You are here

Prescription: Washington

CMS Finalizes Drastic 340B Reimbursement Cut for 2018

Stephen Barlas

Hospital trade groups representing nonprofit and safety-net operators have gone to court in an effort to force the Trump administration to roll back a decision to drastically reduce reimbursement for outpatient drugs bought by the hospitals in the 340B program.1 Hospitals with high proportions of Medicaid patients can buy drugs at discounts of up to 50% and then bill the Medicare program when Medicare patients buy the drugs for the average sales price (ASP) plus 6%. The difference between the lower price they pay and the higher price they receive from Medicare funds services the hospitals ostensibly provide for their low-income, uninsured patients. The hospitals can also earn “the spread” on patients with commercial insurance.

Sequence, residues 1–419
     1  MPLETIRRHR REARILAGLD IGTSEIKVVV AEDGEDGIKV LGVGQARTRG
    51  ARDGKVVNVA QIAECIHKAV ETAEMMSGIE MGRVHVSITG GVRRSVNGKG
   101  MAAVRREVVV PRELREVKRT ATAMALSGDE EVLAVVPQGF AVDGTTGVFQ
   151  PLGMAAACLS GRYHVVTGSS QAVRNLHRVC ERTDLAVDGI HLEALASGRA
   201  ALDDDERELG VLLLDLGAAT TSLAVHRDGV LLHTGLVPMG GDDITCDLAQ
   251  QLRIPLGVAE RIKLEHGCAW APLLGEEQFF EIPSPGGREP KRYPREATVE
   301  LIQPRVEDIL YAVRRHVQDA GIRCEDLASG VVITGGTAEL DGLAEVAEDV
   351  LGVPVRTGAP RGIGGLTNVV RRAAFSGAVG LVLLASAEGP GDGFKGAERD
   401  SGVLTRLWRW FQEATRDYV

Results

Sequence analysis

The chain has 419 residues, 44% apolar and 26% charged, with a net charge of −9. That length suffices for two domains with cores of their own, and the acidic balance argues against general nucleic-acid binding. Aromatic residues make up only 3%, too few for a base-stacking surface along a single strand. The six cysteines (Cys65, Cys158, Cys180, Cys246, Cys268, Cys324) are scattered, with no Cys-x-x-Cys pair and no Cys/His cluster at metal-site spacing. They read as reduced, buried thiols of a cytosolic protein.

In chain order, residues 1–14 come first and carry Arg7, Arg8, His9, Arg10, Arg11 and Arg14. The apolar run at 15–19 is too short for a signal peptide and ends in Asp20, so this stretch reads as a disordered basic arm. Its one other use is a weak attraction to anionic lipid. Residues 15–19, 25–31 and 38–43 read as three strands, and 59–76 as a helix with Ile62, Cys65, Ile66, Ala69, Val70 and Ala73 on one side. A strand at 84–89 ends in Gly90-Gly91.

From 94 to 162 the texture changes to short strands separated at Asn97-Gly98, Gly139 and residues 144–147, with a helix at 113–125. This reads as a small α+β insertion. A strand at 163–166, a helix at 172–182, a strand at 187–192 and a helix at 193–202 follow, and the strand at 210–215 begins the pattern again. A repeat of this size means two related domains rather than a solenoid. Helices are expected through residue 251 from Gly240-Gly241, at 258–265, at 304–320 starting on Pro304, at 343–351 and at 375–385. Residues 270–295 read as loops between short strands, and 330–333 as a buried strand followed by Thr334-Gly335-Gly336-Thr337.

The Trump Centers for Medicare and Medicaid Services (CMS) will cut reimbursement to ASP minus 22.5% starting January 1, 2018.2 The CMS argued that hospitals are making too much money off the spread and, as a result, Medicare patients are paying too much for medications because many seniors face high deductibles and coinsurance for drugs. Many of the most expensive drugs are provided by hospitals in Part B Medicare, which requires seniors to pay a 20% copay. Hospitals would lose at least $900 million if reimbursement drops to ASP minus 22.5%, according to the agency’s own estimates, or $1.65 billion, according to hospital industry estimates.1 Whatever the dollars saved by Medicare, the agency will distribute those savings to for-profit and nonprofit hospitals by increasing payment for some services that have not been identified.